Survival among women diagnosed with screen-detected or interval breast cancer classified as true, minimal signs, or missed through an informed radiological review
Journal article, Peer reviewed
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Original versionTsuruda M, Hovda T, Bhargava S, Veierød MB, Hofvind S. Survival among women diagnosed with screen-detected or interval breast cancer classified as true, minimal signs, or missed through an informed radiological review. European Radiology. 2020 https://doi.org/10.1007/s00330-020-07340-4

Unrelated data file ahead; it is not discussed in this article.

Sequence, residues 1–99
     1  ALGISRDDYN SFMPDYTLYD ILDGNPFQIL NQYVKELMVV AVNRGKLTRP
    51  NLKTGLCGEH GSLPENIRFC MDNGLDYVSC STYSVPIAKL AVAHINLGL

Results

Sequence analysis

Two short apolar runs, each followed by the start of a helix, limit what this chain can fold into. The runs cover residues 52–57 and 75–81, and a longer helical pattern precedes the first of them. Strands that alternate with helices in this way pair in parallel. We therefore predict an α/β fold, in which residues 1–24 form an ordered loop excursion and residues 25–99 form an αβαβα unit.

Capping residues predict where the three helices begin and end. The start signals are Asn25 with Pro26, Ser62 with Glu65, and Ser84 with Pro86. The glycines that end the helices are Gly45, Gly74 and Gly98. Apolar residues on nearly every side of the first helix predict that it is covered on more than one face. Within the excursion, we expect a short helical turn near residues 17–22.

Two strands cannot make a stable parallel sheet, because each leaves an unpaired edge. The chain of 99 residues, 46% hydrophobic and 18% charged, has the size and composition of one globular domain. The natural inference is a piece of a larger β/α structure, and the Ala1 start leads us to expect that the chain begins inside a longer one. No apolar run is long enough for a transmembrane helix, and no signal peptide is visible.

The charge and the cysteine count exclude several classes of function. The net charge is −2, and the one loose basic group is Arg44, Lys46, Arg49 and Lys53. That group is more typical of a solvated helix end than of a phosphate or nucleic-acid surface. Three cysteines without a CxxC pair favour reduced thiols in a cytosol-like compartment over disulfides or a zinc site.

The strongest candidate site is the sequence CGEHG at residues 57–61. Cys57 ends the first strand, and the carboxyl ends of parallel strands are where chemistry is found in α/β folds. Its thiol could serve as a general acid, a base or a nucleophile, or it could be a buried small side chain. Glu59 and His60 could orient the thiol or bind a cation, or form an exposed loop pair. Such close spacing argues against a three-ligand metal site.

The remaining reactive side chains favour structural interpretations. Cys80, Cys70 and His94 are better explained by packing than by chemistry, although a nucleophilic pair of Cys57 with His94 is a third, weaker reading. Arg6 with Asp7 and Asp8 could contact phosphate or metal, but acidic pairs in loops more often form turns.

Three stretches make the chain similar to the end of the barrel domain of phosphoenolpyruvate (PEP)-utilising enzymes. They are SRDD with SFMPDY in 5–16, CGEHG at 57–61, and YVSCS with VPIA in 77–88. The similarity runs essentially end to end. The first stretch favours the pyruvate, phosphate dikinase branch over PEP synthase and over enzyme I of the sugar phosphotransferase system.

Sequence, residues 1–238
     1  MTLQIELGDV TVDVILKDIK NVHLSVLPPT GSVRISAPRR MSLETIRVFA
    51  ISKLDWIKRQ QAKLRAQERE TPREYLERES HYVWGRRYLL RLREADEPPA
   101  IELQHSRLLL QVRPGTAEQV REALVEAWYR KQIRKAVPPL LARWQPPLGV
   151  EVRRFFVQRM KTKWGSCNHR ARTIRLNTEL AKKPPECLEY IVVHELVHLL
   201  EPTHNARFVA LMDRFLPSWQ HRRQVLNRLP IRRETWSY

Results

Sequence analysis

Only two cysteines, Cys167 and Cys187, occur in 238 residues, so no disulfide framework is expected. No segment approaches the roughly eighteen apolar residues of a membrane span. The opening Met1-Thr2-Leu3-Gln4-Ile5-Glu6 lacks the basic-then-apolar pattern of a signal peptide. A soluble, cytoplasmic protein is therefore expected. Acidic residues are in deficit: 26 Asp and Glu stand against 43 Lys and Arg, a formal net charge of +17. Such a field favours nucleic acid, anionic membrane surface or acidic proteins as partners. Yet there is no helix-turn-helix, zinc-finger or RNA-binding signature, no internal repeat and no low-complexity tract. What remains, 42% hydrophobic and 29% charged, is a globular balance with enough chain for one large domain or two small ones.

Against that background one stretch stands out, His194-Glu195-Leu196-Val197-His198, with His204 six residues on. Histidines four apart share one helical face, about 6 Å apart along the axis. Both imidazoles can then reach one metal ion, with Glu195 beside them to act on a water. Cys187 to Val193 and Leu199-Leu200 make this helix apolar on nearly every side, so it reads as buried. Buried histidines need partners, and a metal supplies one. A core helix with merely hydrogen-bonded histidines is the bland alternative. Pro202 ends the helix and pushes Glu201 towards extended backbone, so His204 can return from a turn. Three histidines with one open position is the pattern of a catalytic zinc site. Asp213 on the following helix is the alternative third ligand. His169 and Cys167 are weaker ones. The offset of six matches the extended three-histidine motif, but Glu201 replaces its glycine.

Objectives: “True” breast cancers, defined as not being visible on prior screening mammograms, are expected to be more aggressive than “missed” cancers, which are visible in retrospect. However, the evidence to support this hypothesis is limited. We compared the risk of death from any cause for women with true, minimal signs, and missed invasive screen-detected (SDC) and interval breast cancers (IC). Methods: This nation-wide study included 1022 SDC and 788 IC diagnosed through BreastScreen Norway during 2005–2016. Cancers were classified as true, minimal signs, or missed by five breast radiologists in a consensus-based informed review of prior screening and diagnostic images. We used multivariable Cox regression to estimate hazard ratios (HRs) and 95% confidence intervals (CIs) for the risk of death from any cause associated with true, minimal signs, and missed breast cancers, adjusting for age at diagnosis, histopathologic tumour diameter and grade, and subtype. Separate models were created for SDC and IC. Results: Among SDC, 463 (44%) were classified as true and 242 (23%) as missed; among IC, 325 (39%) were classified as true and 235 (32%) missed. Missed SDC were associated with a similar risk of death as true SDC (HR = 1.20, 95% CI (0.49, 2.46)). Similar results were observed for missed versus true IC (HR = 1.31, 95% CI (0.77, 2.23)). Conclusions: We did not observe a statistical difference in the risk of death for women diagnosed with true or missed SDC or IC; however, the number of cases reviewed and follow-up time limited the precision of our estimates.